After the post New Year's explosion of January sales in banks up and down the high street, UK savers are now facing up to the fact that savings rates are not yet as friendly as they may have hoped them to be in 2010. However, while it may be difficult for individuals to find a decent return on their cash, an organisation has been launched to give UK savers a group voice.
Despite the tempting sales, January has not only seen the Bank of England base rate stick at 0.5 percent (and it looks like it will do for some time yet), but data from the Consumer Price Index (CPI) has shown that inflation has risen by 2.9% over the last month - according to thisismoney.co.uk: 'one of the biggest increases since records began'.
The launch of Save Our Savers (SOS) will be good news for many who feel they are voiceless at a time when sensible money management and saving will no doubt be a positive step for savers and the economy as a whole. The independent action group is setting itself up to lobby against major political parties and the financial industry itself in an effort to convince Labour and the opposition, as well as major banks, to address the unfair treatment of current savers and to look for ways get others to save.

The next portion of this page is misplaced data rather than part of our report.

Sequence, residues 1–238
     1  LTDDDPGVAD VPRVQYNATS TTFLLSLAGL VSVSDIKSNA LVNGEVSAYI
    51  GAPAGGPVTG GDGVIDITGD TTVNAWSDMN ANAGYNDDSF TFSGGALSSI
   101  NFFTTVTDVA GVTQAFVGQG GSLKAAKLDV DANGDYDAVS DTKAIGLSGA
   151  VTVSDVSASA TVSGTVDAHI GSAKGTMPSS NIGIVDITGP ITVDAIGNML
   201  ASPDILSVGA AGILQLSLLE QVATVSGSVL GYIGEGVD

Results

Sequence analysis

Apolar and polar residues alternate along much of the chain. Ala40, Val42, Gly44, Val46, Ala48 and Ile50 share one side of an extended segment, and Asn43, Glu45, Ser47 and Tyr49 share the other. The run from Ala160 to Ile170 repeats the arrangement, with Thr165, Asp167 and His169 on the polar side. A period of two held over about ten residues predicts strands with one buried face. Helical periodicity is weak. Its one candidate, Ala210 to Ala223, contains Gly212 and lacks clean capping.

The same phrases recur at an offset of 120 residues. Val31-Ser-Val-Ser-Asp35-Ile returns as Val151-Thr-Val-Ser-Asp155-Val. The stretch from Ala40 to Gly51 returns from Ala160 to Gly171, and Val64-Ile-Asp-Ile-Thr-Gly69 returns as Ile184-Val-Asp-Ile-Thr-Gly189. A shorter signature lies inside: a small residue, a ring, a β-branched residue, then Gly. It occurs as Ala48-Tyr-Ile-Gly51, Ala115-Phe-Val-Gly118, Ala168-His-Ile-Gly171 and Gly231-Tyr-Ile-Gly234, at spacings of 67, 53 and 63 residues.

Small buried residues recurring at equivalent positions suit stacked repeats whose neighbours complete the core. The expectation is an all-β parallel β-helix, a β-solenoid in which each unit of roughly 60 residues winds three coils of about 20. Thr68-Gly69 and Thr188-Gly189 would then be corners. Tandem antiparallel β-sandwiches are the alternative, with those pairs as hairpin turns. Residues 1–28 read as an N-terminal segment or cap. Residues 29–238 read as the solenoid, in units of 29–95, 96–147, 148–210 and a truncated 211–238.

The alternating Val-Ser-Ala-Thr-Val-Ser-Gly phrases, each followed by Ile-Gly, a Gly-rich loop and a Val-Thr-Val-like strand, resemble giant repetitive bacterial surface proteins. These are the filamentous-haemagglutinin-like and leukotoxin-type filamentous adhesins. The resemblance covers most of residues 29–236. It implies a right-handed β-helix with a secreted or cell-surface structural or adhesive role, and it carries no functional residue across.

Led by entrepreneur Peter Duckworth, priest and ethics lecturer Rev Dr John Strain, member of the Public Accounts Committee and a number of other business/media heads and academics, SOS outline at their website (saveoursavers.co.uk) that will take a key position in highlighting savers' issues (as researched directly from their members) in the media - as well as promoting a new 'culture of long-term saving and investment in the UK'.
The launch of SOS also comes at a time when Isas are being viewed (at least in the mainstream UK media) hardly worth considering if savers want to see any significant returns. Currently, perhaps the best example of the reason for a backlash on Isas is due to the fact that some are being offered with interest rates that are even lower than the base rate. Yet, while this seems like a particularly raw deal for savers, the average Isa rate two years ago will have been around 0.25 percent below base of 5.5 percent - while now the average is a comfortable 0.3 percent above the 0.5 percent base.